Exemplary Hardware Platform for the Distributed Analysis Platform

A distributed analysis platform comprises a software framework and a hardware platform to perform network analysis, and data analysis in general. The distributed analysis platform may be hosted on a wide range of devices on a network. Alternatively, the distributed nature of the platform does not preclude it from being hosted on a standalone system. FIG. 2 illustrates exemplary hardware platforms for the distributed analysis platform.

A possible hardware host for the distributed analysis platform is on a cloud computing service 210. Cloud computing service 210 contains a large number of servers and other computing assets potentially in geographically disparate locations. These computing assets may be disaggregated into their constituent CPUs, memory, long term storage, and other component computing assets. Accordingly, the distributed analysis platform, when hosted on cloud computing service 210, would have both centralized and distributed data storage on the cloud, accessible via a data access API such as Open Database Connectivity (“ODBC”) or ADO.Net™ from Microsoft Corporation™. The application portions of the distributed analysis platform would be hosted on computing assets in the cloud computing service 210 corresponding to an application server.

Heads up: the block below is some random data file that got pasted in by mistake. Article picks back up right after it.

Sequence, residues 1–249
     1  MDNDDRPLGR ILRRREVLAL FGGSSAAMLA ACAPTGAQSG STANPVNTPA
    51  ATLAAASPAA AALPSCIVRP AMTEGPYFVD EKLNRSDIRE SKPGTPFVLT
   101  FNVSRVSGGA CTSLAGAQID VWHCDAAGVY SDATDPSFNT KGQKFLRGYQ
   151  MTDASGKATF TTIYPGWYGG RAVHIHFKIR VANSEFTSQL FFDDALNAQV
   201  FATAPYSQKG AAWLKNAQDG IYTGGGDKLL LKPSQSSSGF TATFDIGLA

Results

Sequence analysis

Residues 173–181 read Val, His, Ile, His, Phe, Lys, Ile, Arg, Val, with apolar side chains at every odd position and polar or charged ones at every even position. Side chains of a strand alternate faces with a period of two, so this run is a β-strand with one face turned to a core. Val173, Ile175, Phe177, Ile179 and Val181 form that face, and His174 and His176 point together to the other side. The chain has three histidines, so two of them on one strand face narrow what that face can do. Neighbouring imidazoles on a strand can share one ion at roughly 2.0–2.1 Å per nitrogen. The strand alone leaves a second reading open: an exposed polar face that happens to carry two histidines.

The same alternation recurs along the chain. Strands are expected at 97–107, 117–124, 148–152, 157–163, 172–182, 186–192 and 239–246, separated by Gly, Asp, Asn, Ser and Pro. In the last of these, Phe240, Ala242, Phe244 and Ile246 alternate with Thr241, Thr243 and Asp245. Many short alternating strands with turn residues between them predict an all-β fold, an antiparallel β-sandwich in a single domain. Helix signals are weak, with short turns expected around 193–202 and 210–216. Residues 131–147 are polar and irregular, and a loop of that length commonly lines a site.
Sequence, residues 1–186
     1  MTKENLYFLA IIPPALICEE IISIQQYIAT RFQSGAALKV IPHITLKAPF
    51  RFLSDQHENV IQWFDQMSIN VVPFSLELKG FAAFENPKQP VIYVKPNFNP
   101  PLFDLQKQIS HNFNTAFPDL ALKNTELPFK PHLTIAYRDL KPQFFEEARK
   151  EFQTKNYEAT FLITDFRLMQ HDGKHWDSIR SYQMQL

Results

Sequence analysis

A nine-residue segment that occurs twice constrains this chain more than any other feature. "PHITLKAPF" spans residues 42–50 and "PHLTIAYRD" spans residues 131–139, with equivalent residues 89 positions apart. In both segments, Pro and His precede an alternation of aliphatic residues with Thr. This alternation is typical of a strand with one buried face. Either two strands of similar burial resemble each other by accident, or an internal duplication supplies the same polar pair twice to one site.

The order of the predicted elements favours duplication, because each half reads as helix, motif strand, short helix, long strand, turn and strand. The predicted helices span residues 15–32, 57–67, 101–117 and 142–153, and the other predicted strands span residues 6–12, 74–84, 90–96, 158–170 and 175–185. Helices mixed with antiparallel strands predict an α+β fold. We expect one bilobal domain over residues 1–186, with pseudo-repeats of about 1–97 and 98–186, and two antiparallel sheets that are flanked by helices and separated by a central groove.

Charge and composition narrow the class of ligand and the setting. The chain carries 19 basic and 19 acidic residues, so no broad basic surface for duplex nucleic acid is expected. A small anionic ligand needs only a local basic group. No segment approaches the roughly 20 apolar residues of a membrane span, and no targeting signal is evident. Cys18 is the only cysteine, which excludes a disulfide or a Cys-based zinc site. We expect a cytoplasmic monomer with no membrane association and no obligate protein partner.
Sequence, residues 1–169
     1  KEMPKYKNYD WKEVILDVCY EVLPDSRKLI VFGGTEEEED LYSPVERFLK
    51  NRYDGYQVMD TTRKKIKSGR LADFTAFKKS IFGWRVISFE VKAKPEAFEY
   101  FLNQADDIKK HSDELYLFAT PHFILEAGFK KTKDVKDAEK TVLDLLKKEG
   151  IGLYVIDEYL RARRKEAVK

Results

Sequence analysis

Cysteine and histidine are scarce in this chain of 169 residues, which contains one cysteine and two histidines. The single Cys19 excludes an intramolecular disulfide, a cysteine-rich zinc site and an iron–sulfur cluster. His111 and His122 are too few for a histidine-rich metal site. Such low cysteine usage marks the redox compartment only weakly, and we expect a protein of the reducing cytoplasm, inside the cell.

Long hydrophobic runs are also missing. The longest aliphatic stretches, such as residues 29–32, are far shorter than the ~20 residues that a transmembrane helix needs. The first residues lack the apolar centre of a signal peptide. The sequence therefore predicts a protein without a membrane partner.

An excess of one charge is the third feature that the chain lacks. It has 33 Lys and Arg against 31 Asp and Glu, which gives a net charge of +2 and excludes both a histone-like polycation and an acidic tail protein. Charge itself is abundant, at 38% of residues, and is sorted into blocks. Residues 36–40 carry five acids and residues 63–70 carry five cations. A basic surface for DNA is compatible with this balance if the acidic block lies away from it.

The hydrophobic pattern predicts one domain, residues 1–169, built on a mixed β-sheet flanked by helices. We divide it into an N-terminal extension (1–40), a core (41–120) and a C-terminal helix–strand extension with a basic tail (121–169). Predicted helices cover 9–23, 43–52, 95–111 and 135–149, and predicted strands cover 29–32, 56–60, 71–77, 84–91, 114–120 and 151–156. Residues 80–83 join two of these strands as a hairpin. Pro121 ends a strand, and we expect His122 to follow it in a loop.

In the event that the distributed analysis platform is hosted on an ordinary web service or within the LAN of an enterprise, the hardware platform may be hosted on an Enterprise System Server 220 which includes a datastore that may be concurrently accessed, plus data access APIs such as the aforementioned ODBC and ADO.Net™. The Enterprise System Server 220 may host the application portion of the distributed analysis platform, or alternatively may be hosted on Enterprise Application Server 230. Exemplary Enterprise Application Servers include Internet Information Server™ (“IIS”) from Microsoft Corporation™ or Apache Web Server, an open source web server. In this way, the distributed analysis platform may run on 2-tier or 3-tier platforms. In fact, for performance reasons, the Enterprise System Server 220 may be preferentially hosted on multiple servers, for example multiple database servers where the data is partitioned.